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  • Stevia

    2002 Taylor & Francis

  • Medicinal and Aromatic PlantsIndustrial ProfilesIndividual volumes in this series provide both industry and academia within-depth coverage of one major medicinal or aromatic plant of industrialimportance.

    Edited by Dr Roland Hardman

    Volume 1Valerian, edited by Peter J.Houghton

    Volume 2Perilla, edited by He-ci Yu, Kenichi Kosuna and Megumi Haga

    Volume 3Poppy, edited by Jen Bernth

    Volume 4Cannabis, edited by David T.Brown

    Volume 5Neem, edited by H.S.Puri

    Volume 6Ergot, edited by Vladimr Kren and Ladislav Cvak

    Volume 7Caraway, edited by va Nmeth

    Volume 8Saffron, edited by Moshe Negbi

    Volume 9Tea Tree, edited by Ian Southwell and Robert Lowe

    Volume 10Basil, edited by Raimo Hiltunen and Yvonne Holm

    Volume 11Fenugreek, edited by Georgios Petropoulos

    Volume 12Gingko biloba, edited by Teris A.Van Beek

    Volume 13Black Pepper, edited by P.N.Ravindran

    Volume 14Sage, edited by Spiridon E.Kintzios

    Volume 15Ginseng, edited by W.E.Court

    Volume 16Mistletoe, edited by Arndt Bssing

    Volume 17Tea, edited by Yong-su Zhen

    Volume 18Artemisia, edited by Colin W.Wright

    Volume 19Stevia, edited by A.Douglas Kinghorn

    2002 Taylor & Francis

  • London and New York

    SteviaThe genus Stevia

    Edited by

    A.Douglas Kinghorn

    Department of Medicinal Chemistry and PharmacognosyUniversity of Illinois at ChicagoUSA

    2002 Taylor & Francis

  • First published 2002by Taylor & Francis11 New Fetter Lane, London EC4P 4EE

    Simultaneously published in the USA and Canadaby Taylor & Francis Inc,29 West 35th Street, New York, NY 10001

    Taylor & Francis is an imprint of the Taylor & Francis Group

    This edition published in the Taylor & Francis e-Library, 2004.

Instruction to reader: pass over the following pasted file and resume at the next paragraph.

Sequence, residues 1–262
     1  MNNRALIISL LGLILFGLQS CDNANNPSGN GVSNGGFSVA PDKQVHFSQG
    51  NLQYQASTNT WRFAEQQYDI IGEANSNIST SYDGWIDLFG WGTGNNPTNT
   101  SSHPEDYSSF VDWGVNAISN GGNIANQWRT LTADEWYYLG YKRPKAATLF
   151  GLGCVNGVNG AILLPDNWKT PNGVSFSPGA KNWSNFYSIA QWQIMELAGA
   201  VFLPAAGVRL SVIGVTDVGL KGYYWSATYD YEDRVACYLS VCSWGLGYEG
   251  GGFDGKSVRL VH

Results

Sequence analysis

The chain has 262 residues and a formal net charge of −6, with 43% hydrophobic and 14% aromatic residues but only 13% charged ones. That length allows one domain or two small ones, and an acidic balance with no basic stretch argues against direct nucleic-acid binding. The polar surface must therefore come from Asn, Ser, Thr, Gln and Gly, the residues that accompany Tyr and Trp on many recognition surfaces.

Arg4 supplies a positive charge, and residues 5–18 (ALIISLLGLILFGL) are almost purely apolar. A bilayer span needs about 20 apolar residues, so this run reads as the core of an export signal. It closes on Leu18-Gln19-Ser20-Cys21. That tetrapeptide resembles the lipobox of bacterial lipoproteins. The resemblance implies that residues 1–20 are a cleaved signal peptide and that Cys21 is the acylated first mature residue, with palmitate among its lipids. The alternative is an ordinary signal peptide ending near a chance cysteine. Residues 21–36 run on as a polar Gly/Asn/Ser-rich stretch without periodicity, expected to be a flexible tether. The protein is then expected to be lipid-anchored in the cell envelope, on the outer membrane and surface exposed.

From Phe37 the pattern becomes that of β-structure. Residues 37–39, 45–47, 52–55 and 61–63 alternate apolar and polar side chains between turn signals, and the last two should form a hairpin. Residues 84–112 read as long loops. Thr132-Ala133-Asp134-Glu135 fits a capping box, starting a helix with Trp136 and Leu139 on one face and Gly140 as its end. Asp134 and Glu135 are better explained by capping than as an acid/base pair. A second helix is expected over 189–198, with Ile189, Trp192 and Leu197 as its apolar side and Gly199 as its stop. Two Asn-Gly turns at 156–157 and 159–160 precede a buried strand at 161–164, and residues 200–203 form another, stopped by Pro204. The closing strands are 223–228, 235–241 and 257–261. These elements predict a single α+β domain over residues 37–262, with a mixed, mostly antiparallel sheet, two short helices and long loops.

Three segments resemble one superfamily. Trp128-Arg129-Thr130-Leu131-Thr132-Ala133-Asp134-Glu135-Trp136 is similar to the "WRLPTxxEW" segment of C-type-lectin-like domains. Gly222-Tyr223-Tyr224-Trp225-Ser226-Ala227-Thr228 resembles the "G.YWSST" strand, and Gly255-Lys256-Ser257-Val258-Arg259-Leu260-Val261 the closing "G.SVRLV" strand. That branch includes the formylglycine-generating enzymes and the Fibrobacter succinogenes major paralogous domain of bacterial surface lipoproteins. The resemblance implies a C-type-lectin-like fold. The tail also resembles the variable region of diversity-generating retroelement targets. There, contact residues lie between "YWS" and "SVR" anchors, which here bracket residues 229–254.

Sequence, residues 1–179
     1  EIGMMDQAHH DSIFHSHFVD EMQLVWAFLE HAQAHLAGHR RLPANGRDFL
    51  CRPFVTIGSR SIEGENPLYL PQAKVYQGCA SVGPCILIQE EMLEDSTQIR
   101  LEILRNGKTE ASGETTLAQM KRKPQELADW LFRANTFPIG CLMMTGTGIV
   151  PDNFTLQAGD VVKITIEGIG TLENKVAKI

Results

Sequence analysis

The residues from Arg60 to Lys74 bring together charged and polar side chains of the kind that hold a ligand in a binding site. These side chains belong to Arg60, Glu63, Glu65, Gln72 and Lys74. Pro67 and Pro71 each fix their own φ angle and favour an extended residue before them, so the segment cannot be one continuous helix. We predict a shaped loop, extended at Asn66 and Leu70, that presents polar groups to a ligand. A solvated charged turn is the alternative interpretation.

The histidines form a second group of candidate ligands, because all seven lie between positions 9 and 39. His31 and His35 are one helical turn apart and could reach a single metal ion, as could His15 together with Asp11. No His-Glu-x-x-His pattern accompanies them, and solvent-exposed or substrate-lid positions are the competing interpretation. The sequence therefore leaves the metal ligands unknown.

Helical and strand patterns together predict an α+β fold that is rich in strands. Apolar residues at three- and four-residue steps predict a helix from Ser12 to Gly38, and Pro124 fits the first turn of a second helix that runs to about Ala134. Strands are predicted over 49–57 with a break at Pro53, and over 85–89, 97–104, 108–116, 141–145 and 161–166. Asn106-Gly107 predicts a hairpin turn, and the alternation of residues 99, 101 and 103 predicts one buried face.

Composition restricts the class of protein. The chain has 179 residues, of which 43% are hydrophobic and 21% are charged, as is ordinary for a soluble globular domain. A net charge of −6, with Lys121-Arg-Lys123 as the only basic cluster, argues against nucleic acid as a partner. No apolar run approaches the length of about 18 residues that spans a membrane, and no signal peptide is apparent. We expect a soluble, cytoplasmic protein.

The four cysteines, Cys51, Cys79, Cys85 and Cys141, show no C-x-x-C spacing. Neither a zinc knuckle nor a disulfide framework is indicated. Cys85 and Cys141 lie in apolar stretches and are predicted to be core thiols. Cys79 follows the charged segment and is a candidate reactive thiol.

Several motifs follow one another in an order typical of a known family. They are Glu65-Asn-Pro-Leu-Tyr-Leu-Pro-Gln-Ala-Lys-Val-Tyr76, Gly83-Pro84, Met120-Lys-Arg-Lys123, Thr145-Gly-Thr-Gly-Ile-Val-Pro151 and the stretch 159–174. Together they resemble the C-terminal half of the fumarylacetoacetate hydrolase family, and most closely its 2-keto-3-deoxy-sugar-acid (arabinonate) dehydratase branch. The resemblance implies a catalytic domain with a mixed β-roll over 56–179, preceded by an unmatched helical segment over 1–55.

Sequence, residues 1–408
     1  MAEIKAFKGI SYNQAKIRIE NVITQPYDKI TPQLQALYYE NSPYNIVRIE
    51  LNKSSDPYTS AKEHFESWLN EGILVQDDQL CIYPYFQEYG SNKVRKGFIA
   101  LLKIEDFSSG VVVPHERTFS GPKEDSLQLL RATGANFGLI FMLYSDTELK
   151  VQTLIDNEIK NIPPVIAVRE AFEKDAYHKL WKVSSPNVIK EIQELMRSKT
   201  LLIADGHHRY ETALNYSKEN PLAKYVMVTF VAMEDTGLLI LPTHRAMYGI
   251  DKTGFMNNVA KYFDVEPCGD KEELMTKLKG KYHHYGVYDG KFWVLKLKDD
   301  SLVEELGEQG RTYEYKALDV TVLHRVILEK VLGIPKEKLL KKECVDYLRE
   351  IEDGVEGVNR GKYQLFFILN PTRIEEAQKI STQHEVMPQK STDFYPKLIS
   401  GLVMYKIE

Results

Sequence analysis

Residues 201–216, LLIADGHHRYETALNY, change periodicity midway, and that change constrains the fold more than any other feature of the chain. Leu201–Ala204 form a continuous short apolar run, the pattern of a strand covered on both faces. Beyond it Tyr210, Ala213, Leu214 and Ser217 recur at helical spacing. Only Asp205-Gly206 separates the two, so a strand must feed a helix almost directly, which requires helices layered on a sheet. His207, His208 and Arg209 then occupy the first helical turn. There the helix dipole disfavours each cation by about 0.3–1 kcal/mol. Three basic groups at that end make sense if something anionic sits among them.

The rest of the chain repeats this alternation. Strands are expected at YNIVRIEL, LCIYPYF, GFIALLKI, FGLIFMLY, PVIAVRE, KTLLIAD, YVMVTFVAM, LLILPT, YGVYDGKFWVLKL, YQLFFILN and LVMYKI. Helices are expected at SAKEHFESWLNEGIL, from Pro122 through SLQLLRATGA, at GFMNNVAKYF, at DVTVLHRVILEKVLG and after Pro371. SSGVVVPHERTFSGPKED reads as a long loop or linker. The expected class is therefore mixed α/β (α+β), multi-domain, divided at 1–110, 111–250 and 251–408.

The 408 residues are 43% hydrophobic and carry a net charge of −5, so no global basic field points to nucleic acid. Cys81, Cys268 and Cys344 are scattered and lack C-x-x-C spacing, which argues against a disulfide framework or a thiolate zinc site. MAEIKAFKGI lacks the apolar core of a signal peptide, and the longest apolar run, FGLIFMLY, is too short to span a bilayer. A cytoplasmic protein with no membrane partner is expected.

To purchase your own copy of this or any of Taylor & Francis or Routledgescollection of thousands of eBooks please go to www.eBookstore.tandf.co.uk.

    2002 Taylor & Francis

    All rights reserved. No part of this book may be reprinted or reproduced or utilised inany form or by any electronic, mechanical, or other means, now known or hereafterinvented, including photocopying and recording, or in any information storage orretrieval system, without permission in writing from the publishers.

    Every effort has been made to ensure that the advice and information in this book istrue and accurate at the time of going to press. However, neither the publisher nor theauthors can accept any legal responsibility or liability for any errors or omissions thatmay be made. In the case of drug administration, any medical procedure or the use oftechnical equipment mentioned within this book, you are strongly advised to consultthe manufacturers guidelines.

    British Library Cataloguing in Publication DataA catalogue record for this book isavailable from the British Library

    Library of Congress Cataloging in Publication DataA catalog record for this book has been requested

    ISBN 0-203-16594-2 Master e-book ISBN

    ISBN 0-203-26058-9 (Adobe eReader Format)ISBN 0-415-26830-3 (Print Edition)

    2002 Taylor & Francis

    http://www.ebookstore.tandf.co.uk

  • Contents

    Preface to the series vii Preface ix Acknowledgements xi List of contributors xii

    1 Overview 1A.DOUGLAS KINGHORN

    2 Botany of Stevia and Stevia rebaudiana 18DJAJA DJENDOEL SOEJARTO

    3 Ethnobotany of Stevia and Stevia rebaudiana 40DJAJA DJENDOEL SOEJARTO

    4 Sweet and non-sweet constituents of Stevia rebaudiana 68EDWARD J.KENNELLY

    5 The phytochemistry of Stevia: a general survey 86CARLOS M.CERDA-GARCA-ROJAS AND ROGELIO PEREDA-MIRANDA

    6 Synthetic investigations on steviol, stevioside, andrebaudioside A, and their applications as starting materials 119DARRICK S.H.L.KIM

    7 Methods to improve the taste of the sweet principles of Stevia rebaudiana 138KAZUHIRO OHTANI AND KAZUO YAMASAKI

    8 Pharmacology and toxicology of stevioside, rebaudioside A, and steviol 160RYAN J.HUXTABLE

    9 Use of Stevia rebaudiana sweeteners in Japan 178KENJI MIZUTANI AND OSAMU TANAKA

    10 Use of stevioside and cultivation of Stevia rebaudiana in Korea 196JINWOONG KIM, YOUNG HAE CHOI AND YOUNG-HEE CHOI

    2002 Taylor & Francis

  • Preface to the series

    There is increasing interest in industry, academia and the health sciences in medicinal andaromatic plants. In passing from plant production to the eventual product used by the public,many sciences are involved. This series brings together information which is currently scatteredthrough an ever increasing number of journals. Each volume gives an in-depth look at oneplant genus, about which an area specialist has assembled information ranging from theproduction of the plant to market trends and quality control.